Washer woman throws up hands in frustration and tells aunt “I don’t know why I do laundry, when the world ends it won’t matter if anyone has clean clothes.”

%%When we’re helping, we’re happy, and we’ll sing as…%%

Scene 5:        Track down the washer woman and she says “Absolute knowledge have I none, but I heard it from my son.”

Son came home complaining, “I don’t know why I bother doing homework. The world’s going to end any day now, and no one’s going to care if I know the square root of pi”

%%  I won’t grow up, I don’t wanna go to school, just to learn to be a parrot/parent, and recite the golden rule, ‘cuz…%%

Scene 6:        Track down the son who says “absolute knowledge have I none, but I overheard a policeman talking about it to a laborer on the street.”

Boy is skateboarding on the street and overhears a policeman talking, so he stops what he’s doing because he doesn’t want to get caught and listens quietly, waiting for the policeman to finish his conversation and leave. At the end of the conversation, the boy looks around the corner to catch a glimpse of the laborer getting back to work.

%%  Hi Ho, hi ho, it’s back to work I go…%%    %% I’m working on the chaain gaang…%%

Scene 7:        Track down the laborer who says “absolute knowledge have I none, but I talked to a policeman on the street who said he knew.”

Laborer is working on the never-ending construction in Salt Lake. Policeman who is bored asks if the construction will be finished before the world ends.

%%I fought the law, and the law won…%%       %%Gee Officer Krupke…%%

Scene 8:        Track down the policeman who says, “absolute knowledge have I none, but I got a letter just last week, handwritten in the finest Greek from a Chinese friend of mine in Timbuktu.”

Policeman is reading a very fancy, cryptic letter with a dictionary on hand to help him with the Greek.

Scene 9:        Track down the Chinese Cooley in Timbuktu who says, “absolute knowledge have I none, but I got the information from my son who lives in Cuba.”

Phone conversation where the son in Cuba tells of how beautiful the beaches are there and tells his father that he needs to come and visit before the world ends.

%%  Pearly shells, from the ocean…%%

Scene 10:     Track down the son in Cuba who says, “absolute knowledge have I none, but I heard it from a colored gent in a Texas town.”

Son has a cowboy hat on and is chatting with a colored gent who also has a cowboy hat on. The colored gent (we could go multicolored here!) (Or blue man group.) tells him that the heat is horrible, but we might as well enjoy it, because it’s only going to get worse when the world ends.

%%I’m an old cowhand, from beyond the Rio Grande…%%

Scene 11:     Track down the colored gent who says, “absolute knowledge have I none, but I heard it straight from a circus clown”

Circus clown is tying balloons and doing magic tricks when the colored gent walks by. The colored gent tells the clown that he has “no time for silly things.” The circus clown says “live while you can, before the world ends.”

%%Bring in the clowns, where are the clowns…%%

Scene 12:     Track down the circus clown who says, “absolute knowledge have I none, but I heard it from a man in Klondike.” (According to Wikipedia: The Klondike is a region of Yukon in northwest Canada, east of the Alaska border.  It lies around the Klondike River, a small river that enters Yukon from the east at Dawson. The Klondike is famed because of the Klondike Gold Rush, which started in 1897 and lasted until 1899. Gold has been mined continuously in that area except for a hiatus in the late 1960s and early 1970s.”)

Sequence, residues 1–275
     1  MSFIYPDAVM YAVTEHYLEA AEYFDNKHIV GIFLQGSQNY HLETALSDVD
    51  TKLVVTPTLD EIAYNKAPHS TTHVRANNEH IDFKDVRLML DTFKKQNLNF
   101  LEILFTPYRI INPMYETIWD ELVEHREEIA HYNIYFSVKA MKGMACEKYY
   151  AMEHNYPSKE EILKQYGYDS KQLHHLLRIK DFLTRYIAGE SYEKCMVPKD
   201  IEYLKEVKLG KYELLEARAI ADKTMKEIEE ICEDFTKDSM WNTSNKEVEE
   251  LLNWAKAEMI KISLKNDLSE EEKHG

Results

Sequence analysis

The circus clown in traveling through Canada on a circus tour and meets a man in a great hurry. It turns out the man wasn’t from Canada, but was seeking his fortune in gold in Klondike, because he wanted to get rich before the world ended.   Gold fingers, the man with the golden touch…

%%If I were a rich man…%%

Scene 13:     Track down the man in Klondike who says, “absolute knowledge have I none, but I heard it from a band of smooth American Jews.”

The Klondike man is traveling through and stops at a restaurant. He overhears the Jews talking about how they may never have peace with the Palestinians here on earth, but traditionally they are the rightful owners of Jerusalem and Israel.  This will be happen when the world ends and The Messiah comes to liberate them from captivity.

%%Traditions, tradition! …%%      Because of our traditions we know who we are, and what God expects of us…

(Or it could be a musical band of Jews, singing the Blues about their lot in life.)  (Think Adventures in Babysitting)   Or to the tune of I stubbed my toe, whaddya go and do that for. / I fell in love, whaddya go and do that for?

Scene 14:     Track down the band of smooth American Jews who say, “absolute knowledge have we none, but we heard it from a man in Borneo.” (According to Wikipedia:  “Borneo is the third largest island in the world and the largest island of Asia.”)  (Think Philippines/Vietnam area)

Jews are on a political campaign, (or musical tour) in Borneo preaching about the Old Testament, and a man comes up to them and says, “Why don’t you just let Jesus decide who gets Jerusalem when he comes down here and the world ends?”

Scene 15:     Track down the man in Borneo who says, “absolute knowledge have I none, but I know of a man who says he knows when the world will end.”

%%It’s the end of the world…or life as we know it…%%

Scene 16:     Track down ‘the man’ who says, “absolute knowledge have I none but I heard it from a very religious man who spent all his time in his house studying the bible. Some people called him a hermit, but I think of him as more of a monk.”